I stayed clean for a long while continuing to go to NA and work the steps until I realized it was no longer necessary for me.*** Later on, I filled a once a year pot-smoking quota until I realized that weed is boring and I don’t need help being lazy anyway. And here I am, clean from my DOC for over ten years with only a few transgressions and nevertheless a serious, but healthy, obsession with fine wine.
But like my biker buddy once I decided to quit, I quit. No real temptation, no real trouble. The trouble for me, as it is with many addicts, is less of the drug and more of the change in lifestyle. Where do you go on a Saturday night if not the bar? Who do you call if not your old friends? The new playmates, new playgrounds gig is more than difficult, and I found myself pretty much alone and struggling with my recovery for over a year before I was able to make non-using friends and come up with shit to do other than drop acid and drive to an abandoned building in the countryside to watch the sun come up. And despite all the bullshit I had to endure and all the pain I caused friends and family, some of those times are still some of my favorite memories and best stories: Arrested on acid and telling the officer I was pretty sure they couldn’t arrest ovaries, caught stealing a car and refusing to let the officer take the puppy (whose puppy?) I was holding, wholheartedly believing that I could damn well change the world but forgetting the plan once the drugs wore off, and realizing the meaning of life.****
Right. And now I’m the boring old counselor telling kids to just say no and abstain from using drugs despite their small town boredom, their parents’ alcoholism and drug addiction, and their own maniacal depression. I feel for them, I do — but I also know how bad it can get, and thank my higher power I never got there. For that I owe the old timers that told me their stories, and in doing so, gave me a life I would have otherwise passed over in favor of oblivion.
I love a good recovery story. Share yours, among other thoughts, in the comments.
*Still not kidding. At this point you can see a series of faded spots where I dropped ink. Damn.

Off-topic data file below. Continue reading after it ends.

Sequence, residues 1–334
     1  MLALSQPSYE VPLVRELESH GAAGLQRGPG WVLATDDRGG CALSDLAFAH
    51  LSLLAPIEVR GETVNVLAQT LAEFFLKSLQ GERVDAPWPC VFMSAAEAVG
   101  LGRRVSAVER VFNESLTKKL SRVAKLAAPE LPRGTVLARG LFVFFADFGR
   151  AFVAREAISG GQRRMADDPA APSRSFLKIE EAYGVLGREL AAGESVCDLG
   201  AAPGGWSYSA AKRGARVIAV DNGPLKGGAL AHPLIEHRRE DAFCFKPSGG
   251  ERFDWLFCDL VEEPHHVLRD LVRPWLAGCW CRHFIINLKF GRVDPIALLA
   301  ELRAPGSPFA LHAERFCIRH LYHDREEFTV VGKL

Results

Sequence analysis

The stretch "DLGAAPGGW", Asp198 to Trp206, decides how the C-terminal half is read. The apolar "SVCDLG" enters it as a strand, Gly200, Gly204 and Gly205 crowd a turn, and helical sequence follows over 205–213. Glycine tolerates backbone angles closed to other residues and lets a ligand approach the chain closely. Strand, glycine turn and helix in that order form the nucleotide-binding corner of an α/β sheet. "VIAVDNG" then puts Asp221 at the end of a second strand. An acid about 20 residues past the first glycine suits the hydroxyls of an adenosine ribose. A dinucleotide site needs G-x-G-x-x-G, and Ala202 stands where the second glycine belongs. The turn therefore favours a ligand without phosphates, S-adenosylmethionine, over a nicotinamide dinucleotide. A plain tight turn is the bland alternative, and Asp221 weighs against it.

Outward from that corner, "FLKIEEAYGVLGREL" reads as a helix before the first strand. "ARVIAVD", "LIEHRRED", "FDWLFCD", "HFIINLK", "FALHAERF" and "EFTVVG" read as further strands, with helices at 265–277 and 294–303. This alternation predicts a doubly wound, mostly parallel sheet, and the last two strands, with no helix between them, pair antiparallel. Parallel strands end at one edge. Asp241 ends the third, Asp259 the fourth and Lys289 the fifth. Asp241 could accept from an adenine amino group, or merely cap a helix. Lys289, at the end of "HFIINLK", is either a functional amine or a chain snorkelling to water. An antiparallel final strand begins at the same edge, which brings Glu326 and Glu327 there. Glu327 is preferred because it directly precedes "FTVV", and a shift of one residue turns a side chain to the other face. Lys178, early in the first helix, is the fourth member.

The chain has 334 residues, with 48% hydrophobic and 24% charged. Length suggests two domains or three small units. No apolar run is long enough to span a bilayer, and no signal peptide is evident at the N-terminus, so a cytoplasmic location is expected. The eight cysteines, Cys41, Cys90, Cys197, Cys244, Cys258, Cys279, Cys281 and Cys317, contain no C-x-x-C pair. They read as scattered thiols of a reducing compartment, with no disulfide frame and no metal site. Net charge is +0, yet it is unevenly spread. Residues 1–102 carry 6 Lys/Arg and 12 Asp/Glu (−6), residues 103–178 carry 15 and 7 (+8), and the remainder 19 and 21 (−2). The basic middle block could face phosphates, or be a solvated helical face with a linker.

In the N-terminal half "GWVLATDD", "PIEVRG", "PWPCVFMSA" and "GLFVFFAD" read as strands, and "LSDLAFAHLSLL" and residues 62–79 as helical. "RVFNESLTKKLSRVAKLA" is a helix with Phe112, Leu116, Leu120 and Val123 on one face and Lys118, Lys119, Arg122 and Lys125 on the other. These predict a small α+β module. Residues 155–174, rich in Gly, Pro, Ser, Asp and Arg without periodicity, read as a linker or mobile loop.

** My mother’s Xanax, mostly, but any pill would do. Later, lots and lots of acid. Lots.
*** The reliance on god and the group for many was obsessive and bothersome, my higher power being activism and everyone else’s resembling a Judeo-Christian god that I just couldn’t stomach. I find that atheists have a difficult time in step-recovery because of the insistence on relying on higher powers, in addition to many counselors pushing the god bit and refusing to validate a higher power that isn’t an omniscient being, in part because they believe that someone who picks a chair or the recovery group as a higher power just isn’t serious about getting clean. Regardless, clinicians are not supposed to be connected to groups like AA and NA, and an ethical clinician in recovery will find him or herself a home group that isn’t in the community they serve. This isn’t always the case, and sometimes non-addict addiction counselors will find ways to monitor the activities of these anonymous groups by mandating them in punitive Drug Courts and prying during therapeutic sessions. Just so’s you know, your therapist should never ask you anything about your time in AA/NA except whether or not you are attending and whether or not you think it’s working. Anything else is out of bounds because of the tenets of AA/NA, these tenets of emotional safety and anonymity being the reason that people are able to commit to such groups despite social stigma.
**** Brace yourself, this shit is deep: Life is fucked up. But it’s not just fucked up, it’s seriously fucked up.